A linguistic anthropologist explains how humans are like ChatGPT

2 min read


ChatGPT is a hot topic at my university, where faculty members are deeply concerned about academic integrity, while administrators urge us to “embrace the benefits” of this “new frontier.” It’s a classic example of what my colleague Punya Mishra calls the “doom-hype cycle” around new technologies. Likewise, media coverage of human-AI interaction — whether paranoid or starry-eyed — tends to emphasise its newness.

In one sense, it is undeniably new. Interactions with ChatGPT can feel unprecedented, as when a tech journalist couldn’t get a chatbot to stop declaring its love for him. In my view, however, the boundary between humans and machines, in terms of the way we interact with one another, is fuzzier than most people would care to admit, and this fuzziness accounts for a good deal of the discourse swirling around ChatGPT.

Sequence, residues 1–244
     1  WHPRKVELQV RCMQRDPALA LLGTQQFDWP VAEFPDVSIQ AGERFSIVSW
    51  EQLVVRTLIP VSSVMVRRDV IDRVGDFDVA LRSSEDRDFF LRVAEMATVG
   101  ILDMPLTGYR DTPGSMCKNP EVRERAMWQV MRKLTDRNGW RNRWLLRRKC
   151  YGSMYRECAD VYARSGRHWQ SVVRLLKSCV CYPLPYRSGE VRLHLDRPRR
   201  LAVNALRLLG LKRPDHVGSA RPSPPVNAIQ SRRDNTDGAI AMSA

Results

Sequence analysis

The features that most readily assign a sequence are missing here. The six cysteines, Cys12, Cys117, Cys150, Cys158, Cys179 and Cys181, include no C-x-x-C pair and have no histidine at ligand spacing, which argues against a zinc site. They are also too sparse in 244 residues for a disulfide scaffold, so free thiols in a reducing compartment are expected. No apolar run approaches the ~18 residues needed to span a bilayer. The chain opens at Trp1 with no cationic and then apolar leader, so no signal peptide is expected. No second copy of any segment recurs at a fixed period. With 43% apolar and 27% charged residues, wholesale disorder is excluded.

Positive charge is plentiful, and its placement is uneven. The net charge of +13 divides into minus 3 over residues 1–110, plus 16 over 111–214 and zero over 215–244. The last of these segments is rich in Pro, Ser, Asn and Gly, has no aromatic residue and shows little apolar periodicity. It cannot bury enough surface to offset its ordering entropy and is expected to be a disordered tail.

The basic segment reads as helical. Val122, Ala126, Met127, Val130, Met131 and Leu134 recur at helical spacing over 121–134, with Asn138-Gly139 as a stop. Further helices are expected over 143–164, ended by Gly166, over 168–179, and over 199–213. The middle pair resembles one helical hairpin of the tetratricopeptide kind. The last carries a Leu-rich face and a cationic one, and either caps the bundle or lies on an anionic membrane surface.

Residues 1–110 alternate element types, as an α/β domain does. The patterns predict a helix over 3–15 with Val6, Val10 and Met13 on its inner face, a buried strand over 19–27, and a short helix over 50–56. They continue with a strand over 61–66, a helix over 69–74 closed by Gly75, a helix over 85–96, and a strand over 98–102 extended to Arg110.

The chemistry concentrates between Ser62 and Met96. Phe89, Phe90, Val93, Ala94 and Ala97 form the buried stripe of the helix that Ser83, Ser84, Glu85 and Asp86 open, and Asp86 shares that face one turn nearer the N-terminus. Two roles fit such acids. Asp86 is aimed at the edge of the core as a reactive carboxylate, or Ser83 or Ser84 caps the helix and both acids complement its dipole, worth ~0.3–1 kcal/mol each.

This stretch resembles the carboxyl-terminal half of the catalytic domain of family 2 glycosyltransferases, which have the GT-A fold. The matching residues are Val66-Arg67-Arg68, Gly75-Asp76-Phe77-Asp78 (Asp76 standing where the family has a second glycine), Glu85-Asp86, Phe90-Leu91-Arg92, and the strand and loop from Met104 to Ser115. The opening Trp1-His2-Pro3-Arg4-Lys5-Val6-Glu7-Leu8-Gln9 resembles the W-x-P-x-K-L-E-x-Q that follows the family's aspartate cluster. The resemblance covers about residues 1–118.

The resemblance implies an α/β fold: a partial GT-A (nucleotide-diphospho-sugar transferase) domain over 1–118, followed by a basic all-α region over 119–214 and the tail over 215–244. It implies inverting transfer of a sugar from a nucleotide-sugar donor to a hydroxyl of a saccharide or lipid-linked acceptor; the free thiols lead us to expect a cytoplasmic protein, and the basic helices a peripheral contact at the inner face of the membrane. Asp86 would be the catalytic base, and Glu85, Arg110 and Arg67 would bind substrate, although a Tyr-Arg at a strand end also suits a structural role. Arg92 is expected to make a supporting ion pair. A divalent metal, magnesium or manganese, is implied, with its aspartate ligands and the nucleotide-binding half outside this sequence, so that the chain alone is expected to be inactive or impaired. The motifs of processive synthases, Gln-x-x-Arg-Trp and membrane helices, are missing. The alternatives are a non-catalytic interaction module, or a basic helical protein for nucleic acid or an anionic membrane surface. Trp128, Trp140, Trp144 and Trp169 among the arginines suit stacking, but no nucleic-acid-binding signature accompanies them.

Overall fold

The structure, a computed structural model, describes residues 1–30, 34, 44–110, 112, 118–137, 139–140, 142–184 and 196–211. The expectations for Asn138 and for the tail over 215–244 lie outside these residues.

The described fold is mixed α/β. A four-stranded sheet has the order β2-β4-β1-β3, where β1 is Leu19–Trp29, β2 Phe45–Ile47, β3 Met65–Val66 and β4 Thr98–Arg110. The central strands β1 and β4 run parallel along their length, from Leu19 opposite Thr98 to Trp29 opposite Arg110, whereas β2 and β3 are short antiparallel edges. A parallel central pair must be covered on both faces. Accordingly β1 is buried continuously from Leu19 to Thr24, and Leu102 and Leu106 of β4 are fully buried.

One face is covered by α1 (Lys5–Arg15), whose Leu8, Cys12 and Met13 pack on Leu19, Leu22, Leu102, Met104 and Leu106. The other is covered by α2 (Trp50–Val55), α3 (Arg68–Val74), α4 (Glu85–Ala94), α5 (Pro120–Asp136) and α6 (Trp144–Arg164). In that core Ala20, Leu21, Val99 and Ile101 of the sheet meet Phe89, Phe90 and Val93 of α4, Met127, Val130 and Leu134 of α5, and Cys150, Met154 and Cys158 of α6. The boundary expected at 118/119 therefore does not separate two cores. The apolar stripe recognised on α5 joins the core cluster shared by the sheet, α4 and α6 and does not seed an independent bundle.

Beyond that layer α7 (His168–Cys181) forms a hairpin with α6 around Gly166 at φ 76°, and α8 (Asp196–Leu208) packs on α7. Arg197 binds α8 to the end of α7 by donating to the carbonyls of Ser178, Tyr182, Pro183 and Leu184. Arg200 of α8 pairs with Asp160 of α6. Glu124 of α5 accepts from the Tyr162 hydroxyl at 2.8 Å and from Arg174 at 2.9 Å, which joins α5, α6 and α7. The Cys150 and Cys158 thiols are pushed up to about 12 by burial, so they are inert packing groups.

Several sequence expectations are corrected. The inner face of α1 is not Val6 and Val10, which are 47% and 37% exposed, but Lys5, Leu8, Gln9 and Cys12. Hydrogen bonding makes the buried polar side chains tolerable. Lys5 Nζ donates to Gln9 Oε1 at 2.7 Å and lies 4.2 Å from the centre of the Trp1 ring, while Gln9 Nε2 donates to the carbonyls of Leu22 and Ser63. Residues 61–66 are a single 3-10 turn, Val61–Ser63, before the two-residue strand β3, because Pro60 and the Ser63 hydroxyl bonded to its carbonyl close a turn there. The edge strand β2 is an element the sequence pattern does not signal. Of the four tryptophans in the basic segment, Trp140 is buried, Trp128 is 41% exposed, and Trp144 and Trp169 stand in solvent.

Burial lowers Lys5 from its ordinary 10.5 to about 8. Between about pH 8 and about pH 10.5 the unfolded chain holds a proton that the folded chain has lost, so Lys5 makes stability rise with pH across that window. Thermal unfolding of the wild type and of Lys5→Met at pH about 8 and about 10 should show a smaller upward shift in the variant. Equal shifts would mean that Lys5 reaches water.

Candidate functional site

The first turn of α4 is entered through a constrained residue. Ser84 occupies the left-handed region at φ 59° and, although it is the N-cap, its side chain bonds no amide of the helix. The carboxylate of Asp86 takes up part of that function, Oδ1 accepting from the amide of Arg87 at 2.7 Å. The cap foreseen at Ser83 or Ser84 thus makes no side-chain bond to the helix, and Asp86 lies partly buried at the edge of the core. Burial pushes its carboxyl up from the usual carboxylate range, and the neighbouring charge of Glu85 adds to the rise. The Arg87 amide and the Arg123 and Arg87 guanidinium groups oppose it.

When I’m asked to check a box to confirm I’m not a robot, I don’t give it a second thought – of course I’m not a robot. On the other hand, when my email client suggests a word or phrase to complete my sentence, or when my phone guesses the next word I’m about to text, I start to doubt myself. Is that what I meant to say? Would it have occurred to me if the application hadn’t suggested it? Am I part robot? These large language models have been trained on massive amounts of “natural” human language. Does this make the robots part human?

A typical 'captcha' message featuring a square on the left, the words 'I am not a robot' in the middle and three interconnected curved arrows forming a semicircle